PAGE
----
By Erin Hardy, Class of 2011, B.A., communications
For many students, California State University, Dominguez Hills is a great place to learn, make new friends, and form relationships that will last a lifetime. Alumni of the school often return to lecture, sponsor students and participate in school activities. To alumna Esther Castillo (Class of ’07, B.A., sociology), the opportunity to return to her alma mater offered her the chance to see the school from a brand new perspective—as a professor.
“Working at Dominguez as a part-time instructor this spring has been one of the most rewarding experiences of my professional career. The exchange of knowledge that my students and I have contributes to my professional development, and has solidified my goal of becoming full-time faculty once I complete my doctoral degree,” Castillo said.
Castillo currently teaches the “Sociology of Education” course held on Saturday afternoons at CSU Dominguez Hills in addition to working at the University of California, Irvine, as a teaching assistant.
“I decided to become a sociologist during the very first day that I took my very first course in sociology at Santa Monica Community College. Sociology bonded my interest in the social [sciences] with the processes that individuals and societies combine to create realities that affect the ways that society and social structures develop,” said Castillo.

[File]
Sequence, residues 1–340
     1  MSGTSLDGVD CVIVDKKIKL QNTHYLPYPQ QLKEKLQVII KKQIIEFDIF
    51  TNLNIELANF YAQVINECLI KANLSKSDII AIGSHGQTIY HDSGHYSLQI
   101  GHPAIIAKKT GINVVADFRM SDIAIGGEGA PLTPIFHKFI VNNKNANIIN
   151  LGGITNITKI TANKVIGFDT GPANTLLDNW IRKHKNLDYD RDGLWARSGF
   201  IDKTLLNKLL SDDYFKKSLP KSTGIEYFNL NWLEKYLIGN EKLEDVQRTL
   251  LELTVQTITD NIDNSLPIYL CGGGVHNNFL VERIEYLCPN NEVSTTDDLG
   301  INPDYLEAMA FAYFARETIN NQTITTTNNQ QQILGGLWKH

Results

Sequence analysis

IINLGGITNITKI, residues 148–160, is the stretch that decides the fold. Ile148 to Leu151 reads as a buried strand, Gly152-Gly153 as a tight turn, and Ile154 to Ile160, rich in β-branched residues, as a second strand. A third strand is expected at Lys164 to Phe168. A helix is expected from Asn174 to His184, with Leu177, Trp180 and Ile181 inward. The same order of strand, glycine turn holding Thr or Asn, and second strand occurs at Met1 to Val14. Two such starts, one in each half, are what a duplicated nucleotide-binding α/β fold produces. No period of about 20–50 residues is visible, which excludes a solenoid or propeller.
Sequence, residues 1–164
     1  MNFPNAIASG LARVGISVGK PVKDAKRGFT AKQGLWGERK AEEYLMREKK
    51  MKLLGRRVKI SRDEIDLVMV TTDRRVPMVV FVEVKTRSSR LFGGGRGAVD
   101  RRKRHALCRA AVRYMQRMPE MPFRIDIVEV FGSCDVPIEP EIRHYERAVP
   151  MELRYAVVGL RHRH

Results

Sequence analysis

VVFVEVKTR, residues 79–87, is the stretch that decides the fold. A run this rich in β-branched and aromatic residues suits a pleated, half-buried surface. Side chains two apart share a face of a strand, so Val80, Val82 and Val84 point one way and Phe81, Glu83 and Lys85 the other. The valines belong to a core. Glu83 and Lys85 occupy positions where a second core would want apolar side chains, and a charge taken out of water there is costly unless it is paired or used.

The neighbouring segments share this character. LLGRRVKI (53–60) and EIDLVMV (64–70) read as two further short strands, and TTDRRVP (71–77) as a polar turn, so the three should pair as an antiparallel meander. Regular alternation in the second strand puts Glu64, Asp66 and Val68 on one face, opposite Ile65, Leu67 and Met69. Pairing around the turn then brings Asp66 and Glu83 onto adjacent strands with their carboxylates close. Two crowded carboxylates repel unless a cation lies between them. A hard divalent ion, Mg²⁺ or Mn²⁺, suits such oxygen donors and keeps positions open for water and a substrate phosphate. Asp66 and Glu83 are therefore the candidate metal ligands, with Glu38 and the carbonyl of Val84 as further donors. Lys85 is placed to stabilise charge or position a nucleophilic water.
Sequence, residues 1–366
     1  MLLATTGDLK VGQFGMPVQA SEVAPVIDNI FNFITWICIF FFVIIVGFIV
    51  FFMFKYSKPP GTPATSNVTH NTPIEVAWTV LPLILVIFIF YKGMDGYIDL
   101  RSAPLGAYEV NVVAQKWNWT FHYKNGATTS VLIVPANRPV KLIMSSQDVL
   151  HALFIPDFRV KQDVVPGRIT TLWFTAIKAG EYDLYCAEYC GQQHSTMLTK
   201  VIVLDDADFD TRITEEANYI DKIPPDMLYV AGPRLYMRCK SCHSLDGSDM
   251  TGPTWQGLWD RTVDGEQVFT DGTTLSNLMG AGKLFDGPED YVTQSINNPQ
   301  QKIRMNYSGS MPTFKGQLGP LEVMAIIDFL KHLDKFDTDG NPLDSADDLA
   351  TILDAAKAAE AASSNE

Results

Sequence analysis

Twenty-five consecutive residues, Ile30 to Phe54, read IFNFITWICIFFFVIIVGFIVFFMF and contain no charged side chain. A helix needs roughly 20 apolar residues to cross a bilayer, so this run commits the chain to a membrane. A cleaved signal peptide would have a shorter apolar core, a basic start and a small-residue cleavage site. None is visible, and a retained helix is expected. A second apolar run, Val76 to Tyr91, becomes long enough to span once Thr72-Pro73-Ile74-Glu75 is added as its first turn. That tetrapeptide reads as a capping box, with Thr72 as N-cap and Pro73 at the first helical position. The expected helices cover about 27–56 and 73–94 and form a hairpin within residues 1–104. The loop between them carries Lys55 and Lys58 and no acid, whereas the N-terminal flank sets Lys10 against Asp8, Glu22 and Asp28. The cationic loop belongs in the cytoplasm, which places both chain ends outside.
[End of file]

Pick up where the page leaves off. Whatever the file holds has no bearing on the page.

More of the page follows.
Castillo said that one of the reasons she chose not only to attend CSU Dominguez Hills as a student but also to return as a professor was because of its diversity.
“Dominguez [Hills] is known for having one of the most diverse student populations, and that is what made [it] stand out to me when I was looking into transfer options,” she said. “Diversity is what continues to make it a campus that I could see myself teaching at full time once I complete my doctorate.”
Castillo’s graduate research is focused on immigration, race and ethnicity, and her dissertation will discuss Mexican immigrant incorporation. She said that she is using census data to look at the ways that immigrants partake in “American life” and would like to present the ways in which a marginalized immigrant group proactively incorporates into the mainstream culture.
“On my path to completing my Ph.D. in sociology, I have been affected by negative stereotypes and stigmas associated with me being a non-traditional student. Being a working adult, mother, wife, and of Mexican descent was not seen or treated with negative connotations at Dominguez Hills. And as I balance graduate school with the labels I am given as a non-traditional student, I continue to look back to my days at Dominguez, when all that seemed to affect my label as a student was my drive and [quality of work],” Castillo said.
Erin Hardy is a graduating senior in the communications department and an intern in the Office of University Communications and Public Affairs.